Colman's in way of St Ronan's Lurgan's first MacRory final

St Ronan's, Lurgan skipper Sean McAlinden, receiving the McCormick Cup from Ulster Schools chairman Jimmy Smyth in November.
St Ronan's, Lurgan skipper Sean McAlinden, receiving the McCormick Cup from Ulster Schools chairman Jimmy Smyth in November.

Danske Bank MacRory Cup semi-final: St Ronan's, Lurgan v St Colman's, Newry (tonight, Athletic Grounds, Armagh, 7.30pm)

St Ronan’s, Lurgan are back in the Athletic Grounds in Armagh tonight, scene of their impressive Danske Bank MacRory Cup quarter-final win over Patrician High, Carrickmacross eight days ago.

Their opponents, St Colman’s, Newry, are the record 19 times MacRory Cup champions with a rich tradition stretching back to 1949 and through the decades they would have featured a lot of Lurgan club players in winning teams, including current Ulster Schools’ chairman and former All-star forward Jimmy Smyth.

St Ronan’s tonight certainly have a lot of tradition to overturn – but should they do it, we will have the first MacRory Cup decider since the 1973 meeting of St Michael’s, Enniskillen and Omagh CBS where both finalists are in search of their first title.

And, based on their pre-Christmas league form and last week’s quarter-final, they have every chance of making it back again to the Athletic Grounds for St Patrick’s Day

St Ronan’s started the Carrickmacross game very well, scoring the opening nine points and not conceding a score until the 28th minute, albeit that they did have wind assistance during that period of dominance.

Their performance was a little more restricted after the break and Patrician actually closed the gap down to three points before substitute Ruairi McConville shut the door on the Monaghan challenge with a neat finish after a quick free.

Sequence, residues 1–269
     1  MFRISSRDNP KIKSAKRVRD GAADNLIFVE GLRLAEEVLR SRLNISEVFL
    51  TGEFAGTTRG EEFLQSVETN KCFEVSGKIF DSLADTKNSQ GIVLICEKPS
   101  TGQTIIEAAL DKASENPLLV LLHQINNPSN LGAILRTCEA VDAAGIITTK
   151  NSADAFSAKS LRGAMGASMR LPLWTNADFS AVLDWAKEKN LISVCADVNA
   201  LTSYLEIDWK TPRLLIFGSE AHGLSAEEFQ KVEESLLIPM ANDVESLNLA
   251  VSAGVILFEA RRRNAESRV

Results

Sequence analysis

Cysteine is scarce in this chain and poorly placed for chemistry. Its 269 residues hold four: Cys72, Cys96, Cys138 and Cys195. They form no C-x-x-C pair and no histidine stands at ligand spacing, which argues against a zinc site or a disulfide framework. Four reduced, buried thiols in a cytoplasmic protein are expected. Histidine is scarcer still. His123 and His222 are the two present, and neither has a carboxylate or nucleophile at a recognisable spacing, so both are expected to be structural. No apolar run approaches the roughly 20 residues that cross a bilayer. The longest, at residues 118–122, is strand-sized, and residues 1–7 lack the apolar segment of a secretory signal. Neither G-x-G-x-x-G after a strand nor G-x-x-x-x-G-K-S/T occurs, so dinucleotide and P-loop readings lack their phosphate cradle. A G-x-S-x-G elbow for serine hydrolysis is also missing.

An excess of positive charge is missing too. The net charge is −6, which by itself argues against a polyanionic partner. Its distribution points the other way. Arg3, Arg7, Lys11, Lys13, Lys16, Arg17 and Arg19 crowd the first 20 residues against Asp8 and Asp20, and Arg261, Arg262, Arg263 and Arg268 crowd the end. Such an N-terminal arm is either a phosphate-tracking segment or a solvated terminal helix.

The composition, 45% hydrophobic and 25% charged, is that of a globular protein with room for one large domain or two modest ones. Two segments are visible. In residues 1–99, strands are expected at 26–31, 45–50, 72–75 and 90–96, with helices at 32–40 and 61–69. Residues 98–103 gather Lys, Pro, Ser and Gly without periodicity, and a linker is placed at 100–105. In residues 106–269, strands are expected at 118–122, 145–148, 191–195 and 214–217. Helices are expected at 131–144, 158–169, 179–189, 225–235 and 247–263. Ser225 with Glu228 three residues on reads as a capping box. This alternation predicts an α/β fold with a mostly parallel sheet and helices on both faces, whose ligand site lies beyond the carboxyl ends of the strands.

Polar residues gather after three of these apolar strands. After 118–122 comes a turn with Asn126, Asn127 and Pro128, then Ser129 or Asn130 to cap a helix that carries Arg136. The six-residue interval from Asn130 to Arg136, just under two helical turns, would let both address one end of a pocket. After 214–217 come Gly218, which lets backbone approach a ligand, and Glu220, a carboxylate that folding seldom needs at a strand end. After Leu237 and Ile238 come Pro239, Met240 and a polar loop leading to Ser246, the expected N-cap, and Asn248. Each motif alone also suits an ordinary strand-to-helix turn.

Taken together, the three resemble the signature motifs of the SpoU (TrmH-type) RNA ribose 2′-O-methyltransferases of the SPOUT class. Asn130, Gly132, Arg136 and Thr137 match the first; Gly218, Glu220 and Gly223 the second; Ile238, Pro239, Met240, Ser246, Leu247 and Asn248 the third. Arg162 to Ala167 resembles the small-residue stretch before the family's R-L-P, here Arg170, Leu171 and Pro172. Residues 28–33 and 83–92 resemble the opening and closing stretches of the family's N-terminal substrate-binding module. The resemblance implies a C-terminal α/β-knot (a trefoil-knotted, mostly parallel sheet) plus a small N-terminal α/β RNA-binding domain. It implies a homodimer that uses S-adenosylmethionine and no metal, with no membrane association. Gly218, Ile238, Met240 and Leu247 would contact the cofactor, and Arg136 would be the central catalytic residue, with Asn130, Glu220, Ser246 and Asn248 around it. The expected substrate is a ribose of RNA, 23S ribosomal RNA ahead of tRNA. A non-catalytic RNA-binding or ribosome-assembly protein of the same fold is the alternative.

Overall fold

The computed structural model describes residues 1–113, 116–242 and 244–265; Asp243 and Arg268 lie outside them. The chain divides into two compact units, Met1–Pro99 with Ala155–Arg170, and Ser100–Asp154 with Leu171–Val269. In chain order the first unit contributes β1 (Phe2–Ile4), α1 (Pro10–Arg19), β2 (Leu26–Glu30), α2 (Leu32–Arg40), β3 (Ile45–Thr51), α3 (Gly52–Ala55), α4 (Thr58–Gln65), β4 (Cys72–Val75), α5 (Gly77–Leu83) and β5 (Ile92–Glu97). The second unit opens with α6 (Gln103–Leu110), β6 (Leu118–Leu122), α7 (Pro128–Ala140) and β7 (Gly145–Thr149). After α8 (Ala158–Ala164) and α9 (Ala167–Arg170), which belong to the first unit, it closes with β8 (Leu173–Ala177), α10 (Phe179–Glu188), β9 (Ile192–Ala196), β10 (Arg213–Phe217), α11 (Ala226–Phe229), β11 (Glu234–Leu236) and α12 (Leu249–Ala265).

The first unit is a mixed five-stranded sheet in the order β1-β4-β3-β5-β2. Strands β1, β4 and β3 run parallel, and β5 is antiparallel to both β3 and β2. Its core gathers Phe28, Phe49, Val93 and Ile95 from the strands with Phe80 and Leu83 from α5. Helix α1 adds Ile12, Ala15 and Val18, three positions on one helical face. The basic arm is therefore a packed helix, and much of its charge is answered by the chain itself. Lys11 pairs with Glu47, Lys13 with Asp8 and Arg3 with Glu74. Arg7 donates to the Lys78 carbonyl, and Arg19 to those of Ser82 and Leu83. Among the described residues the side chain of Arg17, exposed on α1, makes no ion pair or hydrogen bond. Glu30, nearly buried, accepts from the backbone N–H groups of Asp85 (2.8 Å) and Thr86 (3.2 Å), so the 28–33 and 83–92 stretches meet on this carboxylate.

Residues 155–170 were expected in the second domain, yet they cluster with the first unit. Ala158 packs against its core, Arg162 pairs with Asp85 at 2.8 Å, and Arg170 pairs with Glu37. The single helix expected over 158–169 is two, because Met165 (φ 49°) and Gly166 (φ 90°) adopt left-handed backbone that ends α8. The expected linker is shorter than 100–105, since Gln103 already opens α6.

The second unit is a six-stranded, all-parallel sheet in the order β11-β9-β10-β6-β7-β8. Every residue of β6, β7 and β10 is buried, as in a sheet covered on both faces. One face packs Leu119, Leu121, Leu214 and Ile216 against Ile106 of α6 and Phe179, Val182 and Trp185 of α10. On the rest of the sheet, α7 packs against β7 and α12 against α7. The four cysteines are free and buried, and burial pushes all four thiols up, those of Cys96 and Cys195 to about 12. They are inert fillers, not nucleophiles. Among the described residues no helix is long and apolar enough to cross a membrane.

McConville, who looked very sharp, had entered the fray just a few minutes earlier for his name-sake Aodhan who impressed with four points on his return to the team after breaking his col-lar-bone during the opening league game.

As anticipated, the impressive Barry McCambridge lined out in midfield and put in a good shift while central defence was well covered by the McAlindens, James and Sean.

McConville’s return to the attack opens a lot more possibilities for the management with Rioghan Meehan and Tiarnan Kelly also showing up well.

This quarter-final could have been a difficult one for them as they had no game since winning the MacCormack Cup final in November, while Patrician had just knocked out the holders Maghera.

By comparison St Colman’s progress has been more low-key; wins over St Patrick’s of Cavan and Armagh were expected but neither game rose to any great heights.

That will have pleased the management team led by Cathal Murray and so too will the improvement from the first game that was evident during the second.

Pre-competition there was little expectation of St Colman’s making a splash with this team, yet they are one step away from a 27th final.

They pulled away during the last 10 minutes against Cavan with a late Jack McCartan goal opening the gap for a 2-12 to 1-10 finish.

McCartan had started that game as a sub and got his place for the Armagh match, in which Rian O’Neill turned in a top class performance after his team had gone 1-3 to 0-1 down early in the game.

The Crossmaglen Ranger responded with three points in a row to bring them back into contention and his seventh point put St Colman’s 0-9 to 1-5 ahead before Eoghan McDonnell’s 43rd minute goal killed off Armagh.

The Newry side don’t tend to pack defence, but put faith in an attacking game and, should they follow that pattern in the Athletic Grounds, there could well be a high-scoring shoot-out.

In many people’s eyes, St Ronan’s are the form team, the strongest in the competition. Tonight will challenge that assertion and there is little doubt that the winner will be strongly favoured for the final on St Patrick’s Day.